Nuances Of Dispute Redressal Between Media And Technology

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Nuances Of Dispute Redressal Between Media And Technology

Written By: Shreem Thite

Introduction

In recent years, the technology, media, and telecommunications (TMT) sector has developed by leaps and bounds. Deals go wrong, partnerships sour, or things don’t go according to plan, and with quick, sometimes cross-border expansion and an increasing reliance on technology comes the unavoidable agony of disputes. There are already a great number of TMT-related disputes around the world, many of which involve large sums of money.

The object of dispute resolution is for the parties to resolve their disagreements amicably. The backbone of the dispute resolution system is the judiciary’s minimal intervention. In this system, the function of information technology is critical. Information technology allows for easier communication, which aids in the prevention and resolution of problems. In this regard, the contribution of media and technology is laudable. The quality of dispute resolution will have an impact on how conflicts are resolved. The discrepancies that develop in the acquisition of records may be reduced informally by the information service providers. The same can be said for the other way around. Service providers who misuse information technology may reduce the effectiveness of dispute resolution procedures. This complicates the ADR system’s ability to function effectively.

Increase In The Role Of Dispute Resolution Pertaining To Media And Technology

Because of its status as a recognized informal system with almost little judicial intrusion, the role of information technology in dispute resolution has grown dramatically. This necessitates a series of experiments in dispute settlement, aided by the ever-advancing information revolution. Because disputes and ADR processes entail information exchange, transfer, communication, and presentation, such “information” can take the form of written words, spoken words, numerical data, presentations such as money, latitude, longitude, visual images, moving visual images, audio, or other sensory data.

According to a 2016 survey of the TMT sector performed by Queen Mary University of London (International Dispute Resolution Survey – Pre-empting and Resolving Technology, Media, and Telecoms Issues), 23% of respondents had experienced more than 20 TMT disputes in recent years. The QMU study also highlighted the most prevalent categories of TMT conflicts, which included IP, licensing, regulatory, supply chain, and consumer problems, albeit the types of disputes found in the various technology, media, and telecoms businesses varied. The Silicon Valley Arbitration and Mediation Centre (SVMAC) conducted its own poll in 2017, finding the top perceived benefits of arbitration among technology companies, among other things.

While surveys show that the market for dispute resolution in the TMT sector is expanding, there is still a notion that parties are hesitant to use it.

When it comes to the TMT industry, it appears that there is a disconnect between public perceptions of arbitration and its actual use. On the one hand, more than four-fifths of those polled by QMU believed that the use of arbitration for TMT conflicts will expand, with a “striking majority” (92 percent) agreeing that it is well suited to settling them.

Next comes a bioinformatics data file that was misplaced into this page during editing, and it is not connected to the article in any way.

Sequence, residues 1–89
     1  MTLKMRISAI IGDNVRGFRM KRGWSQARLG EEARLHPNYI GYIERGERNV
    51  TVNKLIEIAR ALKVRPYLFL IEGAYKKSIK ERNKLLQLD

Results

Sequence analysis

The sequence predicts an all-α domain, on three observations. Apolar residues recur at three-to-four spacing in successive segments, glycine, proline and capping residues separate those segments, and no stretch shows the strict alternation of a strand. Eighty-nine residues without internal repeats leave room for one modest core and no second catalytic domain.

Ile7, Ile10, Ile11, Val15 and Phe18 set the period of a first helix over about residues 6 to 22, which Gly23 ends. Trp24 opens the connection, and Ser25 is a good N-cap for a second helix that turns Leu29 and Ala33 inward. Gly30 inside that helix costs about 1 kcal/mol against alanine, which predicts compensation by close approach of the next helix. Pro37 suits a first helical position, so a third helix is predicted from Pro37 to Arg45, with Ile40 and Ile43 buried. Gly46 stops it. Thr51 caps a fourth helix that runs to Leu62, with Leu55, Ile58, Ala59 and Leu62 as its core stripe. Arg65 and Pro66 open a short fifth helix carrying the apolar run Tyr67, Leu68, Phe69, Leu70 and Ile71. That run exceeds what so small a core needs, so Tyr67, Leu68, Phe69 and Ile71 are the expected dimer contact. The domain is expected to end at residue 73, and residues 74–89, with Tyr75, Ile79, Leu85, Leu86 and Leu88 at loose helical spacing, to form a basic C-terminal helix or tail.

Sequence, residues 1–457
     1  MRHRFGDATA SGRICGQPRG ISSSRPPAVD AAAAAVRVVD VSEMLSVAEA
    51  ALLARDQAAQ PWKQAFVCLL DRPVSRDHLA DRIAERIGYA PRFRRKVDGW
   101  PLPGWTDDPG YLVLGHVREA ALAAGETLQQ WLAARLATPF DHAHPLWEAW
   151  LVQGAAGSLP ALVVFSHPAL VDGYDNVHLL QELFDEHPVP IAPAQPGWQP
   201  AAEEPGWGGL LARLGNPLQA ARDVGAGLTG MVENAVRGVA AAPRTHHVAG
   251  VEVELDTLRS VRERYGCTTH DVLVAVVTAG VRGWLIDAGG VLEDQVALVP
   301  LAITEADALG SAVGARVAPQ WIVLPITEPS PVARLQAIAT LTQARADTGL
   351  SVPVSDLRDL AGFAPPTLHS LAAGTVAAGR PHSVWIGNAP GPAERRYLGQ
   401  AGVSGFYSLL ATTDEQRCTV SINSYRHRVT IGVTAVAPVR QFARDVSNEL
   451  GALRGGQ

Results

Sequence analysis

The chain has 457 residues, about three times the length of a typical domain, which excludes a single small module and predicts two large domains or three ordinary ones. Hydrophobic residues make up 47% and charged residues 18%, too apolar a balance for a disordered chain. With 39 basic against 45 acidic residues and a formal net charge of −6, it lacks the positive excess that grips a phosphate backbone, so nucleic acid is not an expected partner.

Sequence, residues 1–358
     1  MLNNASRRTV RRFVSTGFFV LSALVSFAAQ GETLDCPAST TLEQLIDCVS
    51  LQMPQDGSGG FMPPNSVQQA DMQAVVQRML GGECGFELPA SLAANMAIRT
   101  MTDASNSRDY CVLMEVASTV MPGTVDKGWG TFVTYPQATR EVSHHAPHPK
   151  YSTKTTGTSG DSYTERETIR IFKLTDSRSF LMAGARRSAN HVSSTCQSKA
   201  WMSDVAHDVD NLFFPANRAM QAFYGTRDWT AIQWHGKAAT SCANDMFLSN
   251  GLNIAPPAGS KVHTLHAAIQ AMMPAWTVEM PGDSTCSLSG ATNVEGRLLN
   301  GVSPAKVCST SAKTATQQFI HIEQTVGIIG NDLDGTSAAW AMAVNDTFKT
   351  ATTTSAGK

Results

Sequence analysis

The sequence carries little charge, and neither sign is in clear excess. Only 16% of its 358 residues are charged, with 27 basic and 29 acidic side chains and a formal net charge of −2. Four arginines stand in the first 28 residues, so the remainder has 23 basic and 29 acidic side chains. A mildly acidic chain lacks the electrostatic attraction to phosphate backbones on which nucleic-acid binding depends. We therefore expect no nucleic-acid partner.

In 2016, only 4.36 percent of LCIA proceedings were tied to TMT, with barely 0.4 percent involving the media and entertainment industries. Although mediation is the most popular approach for resolving disputes among organizations in the TMT industry, the poll does not specify what, if any, further methods are recommended if mediation fails.

Reluctancy In Use Of Dispute Resolution

To begin with, many TMT conflicts are largely non-contractual in nature (issues relating to IP, competition, data protection, and data security come to mind). Litigation will be the default option for resolving the disagreement if the parties do not reach an agreement. Arbitration will be uncommon in any industry if a disagreement has emerged.

A perceived shortage of TMT specialists in the sector surfaced as a further probable cause for reluctance to employ arbitration.  Some claimed that more specialized arbitrators and practitioners with TMT knowledge were needed, while others suggested that the industry simply needed to have more faith in the ability of current arbitrators. Overall, 19% of respondents believed that specialized judicial tribunals were better qualified to handle disputes in this industry in the survey conducted by QMU.

The telecoms industry’s disputes appear to be more focused on the industry’s regulatory framework. If this is the case, one reason why dispute resolution isn’t widely used could be the difficulty in acquiring the agreement required to initiate arbitration: a regulatory dispute between a private corporation and the regulator (or the state) is less likely to come from a negotiated contract. In the absence of a treaty, it may not always be possible to initiate arbitration directly against governmental institutions. By operation of law, there may also be a fixed (or favored) form of conflict resolution.

Conclusion

Consequently, arbitration is well-positioned to address many of the concerns expressed, in addition to providing the much-touted benefits of confidentiality and enforceability. However, overcoming the industry’s aversion to using it in the TMT sector is still a work in progress. Fortunately, the flexible nature of arbitration means that it can adapt to the needs of the industry and provide discrete, quick, and technology-assisted binding dispute resolution for international contractual disputes.

Shreem Thite

About the Author

Shreem Thite

4th year

B.A.LLB (Hons.)

Hidayatullah National Law University, Raipur, C.G.

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